Ligaments hold bones together throughout your body. If you've ever twisted your ankle, you know what it feels like to damage ankle ligaments. These common injuries, known as ankle sprains, most frequently affect the ligaments on the outside of the ankle. They are categorized and treated based on the severity of the ligament injury. Grade 1 sprains involve ligament stretching without obvious tearing. A grade 2 sprain describes a partial ligament tear, and grade 3 sprains involve complete tearing of one or more ankle ligaments. Treatment may include a combination of rest, exercise and rehabilitation. Surgery is sometimes needed for severe grade 3 ankle sprains.
Treatment of ankle ligament tears during the acute phase -- the first few days after the injury -- focuses on reducing pain and inflammation. Ice packs can be applied for up to 20 minutes every 3 to 4 hours, beginning immediately after injury. Cold application helps decrease pain by making your nerves less sensitive and is most effective for the first few days after injury. Nonsteroidal antiinflammatory medication, such as ibuprofen (Advil, Motrin), naproxen (Aleve) or aspirin, may alleviate pain and reduce inflammation during this phase. Elevating your leg as much as possible helps limit and reduce swelling. Your doctor may recommend crutches, a supportive boot, elastic bandage and/or a splint to protect your ankle from further injury.
The subacute phase of healing begins around day 4 and continues until 2 weeks after an ankle ligament injury. During this phase, range-of-motion exercises begin to decrease ankle stiffness caused by swelling. You might receive physical therapy, including ultrasound and electrical stimulation, to help promote healing and exercises to improve your mobility. Exercises might include drawing the alphabet in the air with your toes, ankle circles, gentle stretches and possibly nonweightbearing activities, such as riding a stationary bike. You might begin to put some weight on your foot as you walk. You might also be weaned from your brace and crutches during this phase.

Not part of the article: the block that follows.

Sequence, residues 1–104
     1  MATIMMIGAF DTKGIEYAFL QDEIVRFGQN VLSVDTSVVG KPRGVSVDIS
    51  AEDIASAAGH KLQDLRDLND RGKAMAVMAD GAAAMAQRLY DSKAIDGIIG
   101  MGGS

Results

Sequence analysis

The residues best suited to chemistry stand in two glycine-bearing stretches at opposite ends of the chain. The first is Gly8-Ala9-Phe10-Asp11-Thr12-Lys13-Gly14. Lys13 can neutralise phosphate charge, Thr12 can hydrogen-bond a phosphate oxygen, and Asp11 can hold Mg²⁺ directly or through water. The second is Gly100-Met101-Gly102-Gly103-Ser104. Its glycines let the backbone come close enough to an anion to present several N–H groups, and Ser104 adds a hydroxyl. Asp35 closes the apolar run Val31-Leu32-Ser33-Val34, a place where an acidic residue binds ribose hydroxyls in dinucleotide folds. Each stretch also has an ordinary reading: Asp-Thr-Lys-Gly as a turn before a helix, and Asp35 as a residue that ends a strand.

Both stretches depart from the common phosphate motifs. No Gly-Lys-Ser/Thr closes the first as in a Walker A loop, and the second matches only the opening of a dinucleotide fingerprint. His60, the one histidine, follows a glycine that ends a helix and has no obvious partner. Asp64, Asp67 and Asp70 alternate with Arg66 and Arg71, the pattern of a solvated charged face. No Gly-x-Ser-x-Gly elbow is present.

The rehabilitation phase of treatment typically begins once you are able to bear full weight on your ankle and no longer need crutches to walk. This phase may begin 2 to 6 weeks after injury, with more severe ligament tears at the latter end of that time frame. The goal of this phase is to regain movement, strength and function in your ankle. Your physical therapist may stretch your ankle to decrease stiffness and improve movement. Strengthening exercises, such as calf raises, towel toe scrunches and toe marble pick-up, may be performed.
Six weeks after injury and beyond, treatment for ankle ligament tears focuses on returning to full function. Range-of-motion exercises continue with added resistance from an elastic band. Balance training activities, such as standing on an uneven surface and standing only on your injured leg, are also included in treatment. Functional activities might also include sports and recreational activities, jumping and running.
Severe grade 3 sprains may require surgery, particularly if you have ongoing pain or consistently feel like your ankle is going to give out. In these situations, your torn ankle ligaments may be reattached with screws. You may have to wear a cast and use crutches for 6 to 8 weeks while the ligament heals. Once the cast is removed, treatment begins at the subacute phase and progresses through the rehab and functional phases.
Warnings and Precautions
Seek medical attention if you sprain your ankle, even if you think it's just a minor injury. Early treatment can prevent long-term issues with loss of motion and chronic weakness that can develop after this injury.
- Brigham and Women's Hospital: Standard of Care: Ankle Sprain
- Orthopedic Reviews: Diagnosis and Treatment of Acute Ankle Injuries: Development of an Evidence-Based Algorithm
- Nicholas Rizzo, MD: When to Use Heat and Cold for Athletic Injuries
- American Academy of Orthopaedic Surgeons: Foot and Ankle Conditioning Program
- The Podiatry Institute: Surgical Versus Conservative Treatment of Acute Lateral Ankle Sprains in Athletes